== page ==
8 April 2013

Ship of Fools

Ship of Fools 1965
  • Director: Stanley Kramer
  • Based on book by Katherine Anne Porter
  • Cast: Simone Signoret, Oskar Werner, Vivien Leigh, George Segal, Michael Dunn, José Ferrar, Lee Marvin, Elizabeth Ashley
  • Personal “oh yeah him/her” reaction, i.e. have seen this actor/actress in:
    • Simone Signoret  Diabolique, L’armée des ombres and many more in French and English that I haven’t seen
    • Oskar Werner  Fahrenheit 451,  Jules and Jim, The Spy Who Came in from the Cold, Voyage of the Damned
    • Vivien Leigh – Gone With the Wind
    • George Segal – Who’s Afraid of Virginia Wolf
    • Michael Dunn – The Wild Wild West (TVseries)
    • José Ferrar – Lawrence of Arabia, Moulin Rouge, Voyage of the Damned
    • Lee Marvin – Cat Ballou, The Man Who Shot Liberty Valance, Bad Day at Black Rock
    • Elizabeth Ashley – appearances on various TV series throughout the years
  • Why bought: reminded of how good it was when we saw Oskar Werner in Fahrenheit 451
  • Seen: In the 60’s and the second time now: January 13, 2013 with Hal and YW in our read-book-watch-movie group

It’s very difficult to write fairly about this movie because I’m in the middle of reading the novel – I simply didn’t have time to finish it before the scheduled movie date with YW. I didn’t think it would be a problem. It is.
The book is so powerful and grim that I couldn’t let go of it while watching the movie.
Still I remember so clearly Oskar Werner sitting at Simone Signoret’s bedside on the ship, gazing at her with….their relationship has haunted me since seeing the movie the first time in the 60’s.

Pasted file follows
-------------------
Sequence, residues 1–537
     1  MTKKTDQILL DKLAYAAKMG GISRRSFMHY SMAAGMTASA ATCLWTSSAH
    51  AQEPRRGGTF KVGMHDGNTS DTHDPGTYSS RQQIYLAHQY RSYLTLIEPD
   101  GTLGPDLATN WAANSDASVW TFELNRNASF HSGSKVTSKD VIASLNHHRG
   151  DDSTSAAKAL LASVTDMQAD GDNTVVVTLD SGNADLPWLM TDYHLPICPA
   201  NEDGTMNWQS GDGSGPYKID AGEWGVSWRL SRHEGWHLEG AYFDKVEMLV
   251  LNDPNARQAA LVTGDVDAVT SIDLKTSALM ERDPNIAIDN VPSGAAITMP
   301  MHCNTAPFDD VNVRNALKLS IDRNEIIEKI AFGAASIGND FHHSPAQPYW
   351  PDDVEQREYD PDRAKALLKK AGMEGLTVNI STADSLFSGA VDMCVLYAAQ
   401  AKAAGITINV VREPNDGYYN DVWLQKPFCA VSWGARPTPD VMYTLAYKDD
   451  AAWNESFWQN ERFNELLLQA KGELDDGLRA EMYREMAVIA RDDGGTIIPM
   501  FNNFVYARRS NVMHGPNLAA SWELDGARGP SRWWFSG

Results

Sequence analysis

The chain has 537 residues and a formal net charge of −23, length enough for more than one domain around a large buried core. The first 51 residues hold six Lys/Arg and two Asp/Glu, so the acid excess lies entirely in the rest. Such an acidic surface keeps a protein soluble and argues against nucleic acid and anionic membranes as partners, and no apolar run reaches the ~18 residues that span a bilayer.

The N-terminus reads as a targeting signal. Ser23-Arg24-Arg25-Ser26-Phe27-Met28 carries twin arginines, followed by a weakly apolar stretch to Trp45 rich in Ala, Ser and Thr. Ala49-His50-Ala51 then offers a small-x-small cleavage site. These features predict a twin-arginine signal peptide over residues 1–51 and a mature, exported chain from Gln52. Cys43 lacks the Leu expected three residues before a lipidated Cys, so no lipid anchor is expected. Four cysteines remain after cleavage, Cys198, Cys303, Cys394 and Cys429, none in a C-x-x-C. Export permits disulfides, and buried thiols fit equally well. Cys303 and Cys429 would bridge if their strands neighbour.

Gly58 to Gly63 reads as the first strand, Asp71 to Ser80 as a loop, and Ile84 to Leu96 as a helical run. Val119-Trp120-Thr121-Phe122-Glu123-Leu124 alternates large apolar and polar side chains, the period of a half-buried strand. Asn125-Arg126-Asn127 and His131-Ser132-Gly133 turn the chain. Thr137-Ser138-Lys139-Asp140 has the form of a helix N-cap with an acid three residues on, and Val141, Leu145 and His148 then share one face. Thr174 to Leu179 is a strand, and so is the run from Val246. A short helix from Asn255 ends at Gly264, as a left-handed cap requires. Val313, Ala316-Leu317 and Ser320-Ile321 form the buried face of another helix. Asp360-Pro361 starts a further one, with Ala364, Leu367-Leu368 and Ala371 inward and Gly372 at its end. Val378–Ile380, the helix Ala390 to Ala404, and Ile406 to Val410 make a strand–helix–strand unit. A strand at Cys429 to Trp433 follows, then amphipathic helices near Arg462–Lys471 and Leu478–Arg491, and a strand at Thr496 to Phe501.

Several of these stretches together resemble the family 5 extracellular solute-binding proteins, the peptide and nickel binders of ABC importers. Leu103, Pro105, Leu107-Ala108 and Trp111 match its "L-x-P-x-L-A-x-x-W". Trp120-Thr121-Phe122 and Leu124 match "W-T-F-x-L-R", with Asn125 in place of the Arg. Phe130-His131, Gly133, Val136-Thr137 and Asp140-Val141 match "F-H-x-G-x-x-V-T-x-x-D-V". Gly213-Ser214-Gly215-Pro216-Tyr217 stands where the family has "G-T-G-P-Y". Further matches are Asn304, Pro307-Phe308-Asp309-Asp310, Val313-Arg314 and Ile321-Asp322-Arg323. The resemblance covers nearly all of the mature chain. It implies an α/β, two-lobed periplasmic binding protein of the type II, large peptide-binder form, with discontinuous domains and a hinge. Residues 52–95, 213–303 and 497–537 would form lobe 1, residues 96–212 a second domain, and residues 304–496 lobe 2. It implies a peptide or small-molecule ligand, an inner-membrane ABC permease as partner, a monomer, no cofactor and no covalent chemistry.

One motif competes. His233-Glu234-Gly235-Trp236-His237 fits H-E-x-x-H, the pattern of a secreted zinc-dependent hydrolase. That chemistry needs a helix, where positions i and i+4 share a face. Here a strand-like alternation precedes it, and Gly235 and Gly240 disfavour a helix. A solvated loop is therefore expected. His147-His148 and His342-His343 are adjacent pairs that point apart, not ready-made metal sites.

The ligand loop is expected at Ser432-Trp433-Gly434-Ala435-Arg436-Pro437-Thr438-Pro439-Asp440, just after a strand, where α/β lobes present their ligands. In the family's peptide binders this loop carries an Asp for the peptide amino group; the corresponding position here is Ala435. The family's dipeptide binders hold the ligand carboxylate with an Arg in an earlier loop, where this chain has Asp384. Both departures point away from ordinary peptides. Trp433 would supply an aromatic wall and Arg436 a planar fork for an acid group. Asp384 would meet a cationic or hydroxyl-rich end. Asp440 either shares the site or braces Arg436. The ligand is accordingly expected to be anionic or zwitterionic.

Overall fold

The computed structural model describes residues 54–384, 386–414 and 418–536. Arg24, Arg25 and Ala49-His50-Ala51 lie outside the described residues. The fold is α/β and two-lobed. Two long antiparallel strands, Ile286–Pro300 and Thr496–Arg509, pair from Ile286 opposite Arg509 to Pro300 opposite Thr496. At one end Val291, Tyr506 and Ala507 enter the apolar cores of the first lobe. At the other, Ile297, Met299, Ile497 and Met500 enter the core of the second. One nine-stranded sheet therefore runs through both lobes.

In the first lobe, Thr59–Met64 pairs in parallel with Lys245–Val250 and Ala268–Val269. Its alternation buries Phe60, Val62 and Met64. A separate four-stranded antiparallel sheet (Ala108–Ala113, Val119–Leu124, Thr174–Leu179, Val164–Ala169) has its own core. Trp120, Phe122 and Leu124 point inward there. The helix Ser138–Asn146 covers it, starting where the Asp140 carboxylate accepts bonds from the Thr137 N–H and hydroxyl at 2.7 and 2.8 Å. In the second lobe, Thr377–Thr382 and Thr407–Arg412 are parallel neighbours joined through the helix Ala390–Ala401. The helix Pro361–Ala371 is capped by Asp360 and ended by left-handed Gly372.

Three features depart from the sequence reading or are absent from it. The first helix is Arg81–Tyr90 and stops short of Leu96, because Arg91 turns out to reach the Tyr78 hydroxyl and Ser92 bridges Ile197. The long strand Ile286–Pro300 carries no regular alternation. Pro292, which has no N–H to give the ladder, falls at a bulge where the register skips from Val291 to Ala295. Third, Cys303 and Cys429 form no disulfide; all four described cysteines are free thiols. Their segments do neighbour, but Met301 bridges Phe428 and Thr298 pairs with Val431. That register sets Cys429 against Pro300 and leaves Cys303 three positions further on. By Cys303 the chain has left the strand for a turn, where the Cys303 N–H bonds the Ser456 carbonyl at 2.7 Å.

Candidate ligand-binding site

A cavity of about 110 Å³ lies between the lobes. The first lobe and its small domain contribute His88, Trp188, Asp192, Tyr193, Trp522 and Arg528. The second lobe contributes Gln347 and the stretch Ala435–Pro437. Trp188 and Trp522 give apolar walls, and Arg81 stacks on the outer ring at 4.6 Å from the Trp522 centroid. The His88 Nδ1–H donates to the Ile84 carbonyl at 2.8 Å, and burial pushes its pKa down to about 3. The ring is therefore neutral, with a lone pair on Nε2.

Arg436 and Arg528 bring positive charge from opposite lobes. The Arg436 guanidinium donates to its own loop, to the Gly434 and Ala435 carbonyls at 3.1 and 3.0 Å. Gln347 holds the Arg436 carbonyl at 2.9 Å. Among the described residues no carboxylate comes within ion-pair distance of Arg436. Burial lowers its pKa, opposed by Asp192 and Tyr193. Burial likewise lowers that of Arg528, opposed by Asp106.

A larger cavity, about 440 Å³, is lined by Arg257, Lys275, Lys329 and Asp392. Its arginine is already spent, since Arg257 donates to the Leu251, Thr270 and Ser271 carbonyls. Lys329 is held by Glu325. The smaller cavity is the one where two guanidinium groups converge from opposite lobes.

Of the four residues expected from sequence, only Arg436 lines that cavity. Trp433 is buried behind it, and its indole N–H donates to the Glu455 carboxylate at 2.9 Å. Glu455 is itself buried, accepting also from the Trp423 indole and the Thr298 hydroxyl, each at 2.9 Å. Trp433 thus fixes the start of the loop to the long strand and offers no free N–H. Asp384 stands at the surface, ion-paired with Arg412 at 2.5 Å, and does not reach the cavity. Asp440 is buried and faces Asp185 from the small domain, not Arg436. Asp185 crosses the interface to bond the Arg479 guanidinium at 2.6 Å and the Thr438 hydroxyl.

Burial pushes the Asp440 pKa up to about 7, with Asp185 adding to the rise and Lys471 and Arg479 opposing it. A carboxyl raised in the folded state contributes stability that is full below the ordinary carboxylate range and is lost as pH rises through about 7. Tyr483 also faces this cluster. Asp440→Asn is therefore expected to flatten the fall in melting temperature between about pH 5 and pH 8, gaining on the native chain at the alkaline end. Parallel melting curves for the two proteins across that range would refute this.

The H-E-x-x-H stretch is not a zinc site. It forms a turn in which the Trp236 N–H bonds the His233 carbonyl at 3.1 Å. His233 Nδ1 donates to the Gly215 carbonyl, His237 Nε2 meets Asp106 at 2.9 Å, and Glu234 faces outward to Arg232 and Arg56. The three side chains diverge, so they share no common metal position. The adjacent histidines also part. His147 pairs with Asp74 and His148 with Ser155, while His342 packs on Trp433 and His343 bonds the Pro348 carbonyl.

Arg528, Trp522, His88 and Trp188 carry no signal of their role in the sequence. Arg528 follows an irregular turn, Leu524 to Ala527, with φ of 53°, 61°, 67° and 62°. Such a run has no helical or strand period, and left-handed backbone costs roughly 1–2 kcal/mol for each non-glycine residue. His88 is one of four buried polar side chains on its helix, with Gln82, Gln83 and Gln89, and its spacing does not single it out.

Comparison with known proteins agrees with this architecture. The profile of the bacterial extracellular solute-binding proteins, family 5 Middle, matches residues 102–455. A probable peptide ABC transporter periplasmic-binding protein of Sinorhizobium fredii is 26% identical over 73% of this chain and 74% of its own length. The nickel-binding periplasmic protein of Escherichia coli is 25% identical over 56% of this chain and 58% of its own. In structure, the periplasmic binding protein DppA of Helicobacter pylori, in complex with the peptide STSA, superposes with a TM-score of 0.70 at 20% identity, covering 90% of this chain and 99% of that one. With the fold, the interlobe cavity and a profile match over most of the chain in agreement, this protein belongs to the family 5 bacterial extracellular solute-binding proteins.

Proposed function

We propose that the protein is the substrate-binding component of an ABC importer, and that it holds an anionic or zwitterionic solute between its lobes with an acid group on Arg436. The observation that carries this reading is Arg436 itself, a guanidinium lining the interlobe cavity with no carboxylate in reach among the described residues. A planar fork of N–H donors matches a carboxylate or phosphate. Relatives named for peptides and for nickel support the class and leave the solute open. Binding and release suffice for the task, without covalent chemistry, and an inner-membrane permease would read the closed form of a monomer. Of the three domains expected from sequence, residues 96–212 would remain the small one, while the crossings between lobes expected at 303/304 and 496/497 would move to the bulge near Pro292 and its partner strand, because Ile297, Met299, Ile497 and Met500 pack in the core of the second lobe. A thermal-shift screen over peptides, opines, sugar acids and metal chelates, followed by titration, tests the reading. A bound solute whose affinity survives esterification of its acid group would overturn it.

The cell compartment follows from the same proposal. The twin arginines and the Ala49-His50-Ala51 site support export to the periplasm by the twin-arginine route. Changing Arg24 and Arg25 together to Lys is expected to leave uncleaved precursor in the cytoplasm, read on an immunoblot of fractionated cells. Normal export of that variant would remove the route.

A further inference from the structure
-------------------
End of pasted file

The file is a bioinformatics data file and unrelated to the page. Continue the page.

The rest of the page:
In some cases the movie follows the book exactly, including several long direct quotes. In other ways the movie is very different. Jenny’s complex novel character loses most of what’s interesting in the film as does David’s.  Young Elsa is far too pretty and not nearly lumpy enough. Löwenthal is jovial and nice, not nasty. Generally all of the characters are far nicer and much less neurotic, troubled and horrible than in the book.
But this isn’t a book review. This is a movie blog.  And the movie is good.  The acting is good. The story is good. Werner and Signoret live up to my memory of them and give the movie its moments of greatness, along with the jitterbugging (or is it the Charleston?) Vivien Leigh in a ten second sequence.
But it is flawed. It got 4 * of 4 in Maltin but I can’t agree as much as I would like to.  Werner and Signoret get 5 * of 5.  The movie as a whole, less. Maybe next time it will be more when not seen in the overwhelming shadow of the book.

3 * of 5

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